Neo with his Mentor

At Aikikai, Smith works on his own martial arts skills in an adult class, and is an assistant teacher for a kids class in the evenings.  During the afternoon, he is busy with administrative work, learning the ins and outs of a business, and he still taps into his creative mind by making posters and flyers for the studio.  He’s learned through the various internships that he no longer wants to make art his main career path, but he still wants to incorporate elements of art into his work.

From the internship process Smith learned to never give up and keep networking, even when you get rejected.  He interviewed at one company that wasn’t the right fit for him, but he asked the interviewer for other contacts and from that ask Smith was able to land his internship at the Seattle International Film Festival.

“I feel like if you get rejected or if you do get accepted always ask for more places from that person because someone in that field is going to know other people in that field, so you can find more internship possibilities off of them,” said Smith.

Personal & Professional Student Growth

Kai Eng

Eng also started at Big Picture in ninth grade.  In his four years he has grown personally and professionally, along with his goals which have evolved.

“When I came here I didn’t really know what I was doing.  I didn’t really have any concept of my future or where I would go beyond the scope of high school,” he said.  “I think Big Picture, very early on, they helped me say ‘what do you want to do in life and how can you achieve that?’  That was really vital and kind of helped me shape my vision and where I wanted to go.”

Eng began his journey with an interest in activism, and through the internship program, the focus has steered him more towards journalism and communications.

His first internship was at a civil rights organization where they talked about activism and having a voice in society.  His second internship involved teaching people activism, and how to have a voice in society.  Third, Eng interned at a film studio, which is where he developed the idea of how he could project his voice out and say what he needed to say.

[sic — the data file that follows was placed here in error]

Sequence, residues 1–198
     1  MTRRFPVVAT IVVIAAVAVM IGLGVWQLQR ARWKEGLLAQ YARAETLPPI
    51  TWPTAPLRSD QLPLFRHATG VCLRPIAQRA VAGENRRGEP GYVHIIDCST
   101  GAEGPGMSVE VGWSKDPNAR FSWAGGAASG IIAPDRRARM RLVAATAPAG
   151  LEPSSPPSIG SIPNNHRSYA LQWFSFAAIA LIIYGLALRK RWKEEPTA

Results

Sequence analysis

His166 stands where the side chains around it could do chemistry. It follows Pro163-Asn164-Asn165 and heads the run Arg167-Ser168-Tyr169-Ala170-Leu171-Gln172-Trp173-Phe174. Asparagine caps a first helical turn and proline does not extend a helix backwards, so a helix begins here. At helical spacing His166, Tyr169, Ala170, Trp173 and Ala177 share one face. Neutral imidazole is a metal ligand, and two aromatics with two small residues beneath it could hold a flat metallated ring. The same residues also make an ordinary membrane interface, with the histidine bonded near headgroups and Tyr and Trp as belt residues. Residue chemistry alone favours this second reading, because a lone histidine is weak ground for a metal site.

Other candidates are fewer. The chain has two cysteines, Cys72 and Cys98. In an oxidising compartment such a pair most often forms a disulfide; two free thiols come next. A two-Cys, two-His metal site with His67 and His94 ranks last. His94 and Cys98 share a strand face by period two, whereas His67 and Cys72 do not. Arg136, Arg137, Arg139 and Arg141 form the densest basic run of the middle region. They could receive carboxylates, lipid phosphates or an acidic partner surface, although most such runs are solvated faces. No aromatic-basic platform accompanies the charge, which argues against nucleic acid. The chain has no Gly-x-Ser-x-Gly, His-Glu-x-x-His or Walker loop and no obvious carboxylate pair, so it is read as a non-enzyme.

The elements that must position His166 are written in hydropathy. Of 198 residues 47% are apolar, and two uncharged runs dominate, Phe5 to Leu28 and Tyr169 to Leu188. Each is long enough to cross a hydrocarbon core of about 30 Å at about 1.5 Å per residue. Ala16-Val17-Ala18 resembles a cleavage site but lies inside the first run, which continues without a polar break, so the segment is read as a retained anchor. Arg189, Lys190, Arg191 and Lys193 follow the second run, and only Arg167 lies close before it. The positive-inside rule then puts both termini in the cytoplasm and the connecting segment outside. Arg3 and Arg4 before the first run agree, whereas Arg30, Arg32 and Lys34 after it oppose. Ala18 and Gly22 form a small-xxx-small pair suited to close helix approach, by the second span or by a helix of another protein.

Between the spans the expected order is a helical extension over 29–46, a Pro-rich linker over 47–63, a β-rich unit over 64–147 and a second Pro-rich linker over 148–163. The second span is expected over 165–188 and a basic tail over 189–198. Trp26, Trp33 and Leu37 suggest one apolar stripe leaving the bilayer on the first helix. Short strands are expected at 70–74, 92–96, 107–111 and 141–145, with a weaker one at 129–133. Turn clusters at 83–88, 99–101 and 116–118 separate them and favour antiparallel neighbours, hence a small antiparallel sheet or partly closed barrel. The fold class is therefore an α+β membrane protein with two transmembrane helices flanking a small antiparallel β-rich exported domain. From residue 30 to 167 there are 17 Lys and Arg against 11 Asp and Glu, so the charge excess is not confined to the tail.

During Eng’s journey, he has had the opportunity to intern at a variety of sites.  “They’ve all added a little piece to the puzzle of what I ultimately want to do in life,” he said.

As he begins his next chapter next year, Eng hopes to meld these interests together, and go into journalism with a focus on activism.  He credits Big Picture’s support and guidance in helping him determine what he wants to do.

The school’s project based learning and internship program provides students with experiences that give each of them a head start and a sense of direction as they enter college.

Exhibitions are also a key part of the internship process.

“Our exhibition is a presentation looking at the grand scale across the year of everything that we’ve done in our internship throughout the year, and how it aligns with our learning goals and how it connects with the organization itself and what they need,” said Eng.  Students, parents, mentors, advisors, peers and others come to experience the exhibitions, which are held twice each year.

Eng is looking ahead to graduation in six months, and he is grateful for his experiences at Big Picture.

“I found a community where I could be at home and I could be myself and find out who I was,” he said.

Big Picture has grown from a school of 122 students in 2011 at its inception, to more than 350 students this year.  As a choice school in the district, Big Picture welcomes district students to join the tight-knit community by attending an information session, applying to the school and upon application acceptance attending a shadow day to make sure it’s the right fit.

“A Big Picture student is someone who wants to learn.  It’s as simple as that,” said Eng.  “It doesn’t matter if you’re introverted, or extraverted because the teachers, the people around you, they cater to that.  They help you out.  They care for you.  It’s not about fitting a mold, it’s about what you want to do.  It’s about not even having a clear vision.  It’s about having the willingness to learn.”

The Bellevue School District acknowledges that we learn, work, live and gather on the Indigenous Land of the Coast Salish peoples, specifically the Duwamish and Snoqualmie Tribes. We thank these caretakers of this land, who have lived and continue to live here, since time immemorial.